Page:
Four men — including a former member of the Guyanese parliament who is an imam — have just been charged with plotting to blow up Kennedy Airport in New York. The bottom of this New York Times story says an FBI press conference is scheduled for 1pm. Now if news worked the way it should — and soon will — I’d be able to watch that press conference via a reporter’s camera and modem on that same page. Soon

Davos07: Terrorism

At a session on terrorism at Davos. Liveblogging a few notes….

Shaukat Aziz, prime minister of Pakistan, issues all the usual cant on terrorism: not died to a religion… no borders… root causes…. all that. He complains about profiling and says it “adds to heartburn.”

Michael Chertoff, head of Homeland Security in the U.S., tries to put a yardstick up to terrorism response, saying that rational people would agree to actions to stop a nuclear bomb that they would not agree to to stop one person from being shot. He focuses on what he calls “high-consequence events.” Stopping these requires inconvenience, some economic impact, and “some adjustment in even how we conceive of some of our liberties — but the key is not to go overboard.” What is high-consequence? what is overboard?

David Cameron, Conservative leader in the U.K., tries a similar act of measurement. “We’ve got to get right the hard-nosed defense of liberty rather than ineffective authoritarianism.” He says that there is a “quantum difference” in terrorism, worse than the days of the IRA and Baader-Meinhof. As a result, he says, “there are some big changes we have to make. It is vital that we get the balance right.”

Carefully countering Aziz on root causes, Cameron says that there is not “a list of demand that will stop Osama bin Laden from doing what he is going to do.” As a result, he says, the first reaction to terrorism must be security. Then one can “drain the swamp” that creates it. He also says that there is an “ideological cause” in the root of terrorism: “a perversion of Islam.” Aziz is shaking his head.

Cameron also says that he is against creating a separate ministry for counter-terrorism but instead wants two ministers in the Home Office, one devoted to police activities and the other devoted to counter-terrorism. Criticizing Blair, he says that “there has been too much focus on law and not enough focus on good administration.”

A Harvard professor asks Cameron whether he agrees with the UK Foreign Office’s advise that government officials should not use the term “war on terrorism” as it “plays into the narrative” of the terrorists and turns them into “martyrs in a holy war.” Cameron says he agrees. Chertoff says he wants to work with moderate members of the Islamic community to understand how they want to describe what is happening. Gijs M. de Vries of the EU attacks the phrase “Islamic terrorism” and says “there is no such thing…. Whether we call this a war or not, let us fight this fight within the bounds of human rights.” Aziz says the average terrorist is sitting in some remote location getting brainwashed and is not reading Foreign Office papers. He emphasizes the rhetoric of recruitment: deprivation, rights, and so on: “Let’s get reality.”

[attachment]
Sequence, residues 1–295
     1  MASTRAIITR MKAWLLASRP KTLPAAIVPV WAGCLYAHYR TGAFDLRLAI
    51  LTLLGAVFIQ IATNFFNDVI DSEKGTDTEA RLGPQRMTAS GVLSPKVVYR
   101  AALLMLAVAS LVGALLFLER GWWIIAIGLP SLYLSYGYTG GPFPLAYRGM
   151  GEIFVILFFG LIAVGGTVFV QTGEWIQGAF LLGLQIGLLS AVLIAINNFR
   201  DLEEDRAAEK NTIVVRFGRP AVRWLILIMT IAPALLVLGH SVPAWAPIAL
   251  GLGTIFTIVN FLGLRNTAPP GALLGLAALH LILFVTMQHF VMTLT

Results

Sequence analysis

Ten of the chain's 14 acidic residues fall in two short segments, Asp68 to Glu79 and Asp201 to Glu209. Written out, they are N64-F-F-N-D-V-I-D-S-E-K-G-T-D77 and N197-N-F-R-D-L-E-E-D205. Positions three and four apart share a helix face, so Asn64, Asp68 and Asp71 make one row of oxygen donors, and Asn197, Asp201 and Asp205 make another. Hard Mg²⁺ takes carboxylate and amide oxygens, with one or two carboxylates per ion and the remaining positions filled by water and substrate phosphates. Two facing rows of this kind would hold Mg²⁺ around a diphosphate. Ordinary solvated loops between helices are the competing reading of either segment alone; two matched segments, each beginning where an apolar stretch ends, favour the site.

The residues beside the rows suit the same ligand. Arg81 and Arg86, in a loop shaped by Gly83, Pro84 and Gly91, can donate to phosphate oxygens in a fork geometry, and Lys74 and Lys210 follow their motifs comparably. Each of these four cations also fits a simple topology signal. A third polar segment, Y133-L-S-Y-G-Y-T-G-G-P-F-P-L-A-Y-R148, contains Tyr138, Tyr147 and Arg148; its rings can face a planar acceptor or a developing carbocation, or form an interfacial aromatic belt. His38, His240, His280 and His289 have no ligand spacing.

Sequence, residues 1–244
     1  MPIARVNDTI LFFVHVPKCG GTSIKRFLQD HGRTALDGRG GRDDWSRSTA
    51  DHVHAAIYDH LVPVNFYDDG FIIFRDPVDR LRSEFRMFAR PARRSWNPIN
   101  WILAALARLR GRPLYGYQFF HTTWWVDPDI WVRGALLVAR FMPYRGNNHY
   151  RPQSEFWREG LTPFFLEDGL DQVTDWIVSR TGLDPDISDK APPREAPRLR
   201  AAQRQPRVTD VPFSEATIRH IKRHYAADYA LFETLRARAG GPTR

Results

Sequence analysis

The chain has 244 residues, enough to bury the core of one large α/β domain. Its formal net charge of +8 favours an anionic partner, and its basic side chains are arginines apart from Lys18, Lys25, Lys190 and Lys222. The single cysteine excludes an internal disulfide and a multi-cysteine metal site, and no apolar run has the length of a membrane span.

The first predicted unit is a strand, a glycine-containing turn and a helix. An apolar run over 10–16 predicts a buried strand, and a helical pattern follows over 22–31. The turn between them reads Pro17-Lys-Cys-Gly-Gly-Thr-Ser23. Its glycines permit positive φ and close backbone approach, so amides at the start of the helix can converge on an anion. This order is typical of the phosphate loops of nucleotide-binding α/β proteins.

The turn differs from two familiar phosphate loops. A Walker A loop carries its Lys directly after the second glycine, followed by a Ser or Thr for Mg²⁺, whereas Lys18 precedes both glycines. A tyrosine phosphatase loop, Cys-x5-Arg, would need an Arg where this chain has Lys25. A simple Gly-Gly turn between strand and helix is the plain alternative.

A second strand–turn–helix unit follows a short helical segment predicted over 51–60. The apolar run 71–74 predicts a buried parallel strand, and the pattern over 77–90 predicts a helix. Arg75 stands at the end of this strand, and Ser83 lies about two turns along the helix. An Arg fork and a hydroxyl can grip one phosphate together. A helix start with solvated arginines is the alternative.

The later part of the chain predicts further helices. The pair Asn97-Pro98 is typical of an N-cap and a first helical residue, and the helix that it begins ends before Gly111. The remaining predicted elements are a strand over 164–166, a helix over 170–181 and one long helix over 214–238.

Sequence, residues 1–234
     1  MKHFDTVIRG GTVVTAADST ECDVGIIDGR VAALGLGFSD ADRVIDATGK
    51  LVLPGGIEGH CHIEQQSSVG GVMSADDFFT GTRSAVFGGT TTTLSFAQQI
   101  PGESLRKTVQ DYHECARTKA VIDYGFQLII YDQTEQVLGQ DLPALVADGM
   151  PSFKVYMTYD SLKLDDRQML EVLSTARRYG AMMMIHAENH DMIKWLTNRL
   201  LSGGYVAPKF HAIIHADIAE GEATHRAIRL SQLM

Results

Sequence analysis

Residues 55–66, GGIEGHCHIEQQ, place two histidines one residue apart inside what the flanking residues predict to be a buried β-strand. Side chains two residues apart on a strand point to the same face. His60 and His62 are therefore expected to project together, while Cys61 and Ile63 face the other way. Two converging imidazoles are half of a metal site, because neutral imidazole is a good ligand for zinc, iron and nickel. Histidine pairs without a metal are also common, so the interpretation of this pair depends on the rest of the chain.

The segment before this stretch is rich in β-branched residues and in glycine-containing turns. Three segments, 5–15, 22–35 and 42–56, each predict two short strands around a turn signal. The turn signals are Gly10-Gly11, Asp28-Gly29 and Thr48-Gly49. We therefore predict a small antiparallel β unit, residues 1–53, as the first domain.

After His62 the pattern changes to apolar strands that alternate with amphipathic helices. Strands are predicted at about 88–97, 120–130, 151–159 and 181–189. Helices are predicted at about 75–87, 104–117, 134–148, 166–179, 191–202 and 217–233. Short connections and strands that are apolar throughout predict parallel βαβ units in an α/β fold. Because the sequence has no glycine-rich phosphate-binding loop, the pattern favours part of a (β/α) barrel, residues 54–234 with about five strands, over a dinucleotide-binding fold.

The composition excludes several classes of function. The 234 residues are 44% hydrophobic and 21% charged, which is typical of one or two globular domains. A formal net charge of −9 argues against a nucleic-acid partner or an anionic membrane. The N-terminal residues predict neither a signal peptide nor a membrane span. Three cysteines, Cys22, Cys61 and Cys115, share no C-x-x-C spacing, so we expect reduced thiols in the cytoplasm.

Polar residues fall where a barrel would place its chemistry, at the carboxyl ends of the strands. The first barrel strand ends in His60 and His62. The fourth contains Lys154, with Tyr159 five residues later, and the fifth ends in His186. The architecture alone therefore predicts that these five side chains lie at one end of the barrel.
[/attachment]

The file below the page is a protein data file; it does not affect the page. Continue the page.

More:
If rhetoric could kill…

Chertoff is asked by an Islamic organization official in the audience whether things are better five years on in the war/struggle/fight on terror and whether the day will come when we will sit down with a terrorist group, as the UK did with the IRA. Chertoff says let’s “get reality,” like Aziz, and recognize that bin Laden’s demand is for us to go back to the 12th century and there is no discussion with that. Cameron says “that is the big difference between the IRA and al Qaeda…. I’m not in any way belitting the IRA and what it did…. But to get this debate right we have to recognize the difference between IRA terrorism and suicide bombing… That is a different sort of terrorism and we would be betraying our populations if we did not recognize that and act on it. ”

The head of Amnesty International now also wants to look at reality and says that the U.S., U.K., and Pakistan have eroded human rights with torture and more. She asks to what extent undermining human rights “feeds the flames of terrorism.” Chertoff says he agrees we should not sacrifice human rights but also not treat every departure from normal process as a catastrophic betrayal of what we believe in. Aziz talks about the checks of having a free press and independent judiciary. Cameron says that of course we must defend freedom but also says that “in order to defeat terrorism, we have to maintain a balance,” citing, for example, how long the government may keep a suspect in jail when “you are trying to break up a complicated plot.”

Tunnel terror

I don’t have nightmares about 9/11. But I do have an ongoing fear that occurs to me occasionally on my daily rides on the PATH train that took me to the World Trade Center that day: I worry about an attack that would flood the tunnels. On a very long list of bad ways to die, that is a leader. Not to come off as too neurotic, but I don’t like heights and thus bridges and I’m not a great swimmer and so though I don’t fear water I know that being plunked into the middle of a river via boat or bridge would not have a happy ending. So getting to work on an island everyday becomes problematic.

Especially today, as The Times reveals a report that says the PATH tunnel system is particularly vulnerable to terrorist attack and flooding.

My first reaction is: Oh, thank you, Times, for revealing our soft underwater belly to the terrorists. My next reaction is: They say the report was — pardon me — leaked because the Port Authority isn’t doing enough to safeguard the tunnels.

The Times says it is withholding details about how attacks could flood the tunnels but then goes right ahead and gives the terrorists the punchline, the worst-case analysis, which is the one they really want: “. . . a bomb that could be easily carried aboard a train could punch a 50-square-foot hole in one side of a tube, possibly breaching both sides of the tunnel. Under that situation, 1.2 million gallons of water a minute could pour into the tunnel, flooding parts of the system in a matter of hours.”

Now I can think about that everytime I ride to work (and I’m damned glad I’m working at home today). As a correspondent and fellow PATH commuter said in email last night: “Jesus Christ. I don’t think the Times means to sound alarmist, but as someone who rides in Hudson River tunnels 2x a day, it’s pretty scary. On the other hand, it’s nothing I don’t already think about twice daily anyway….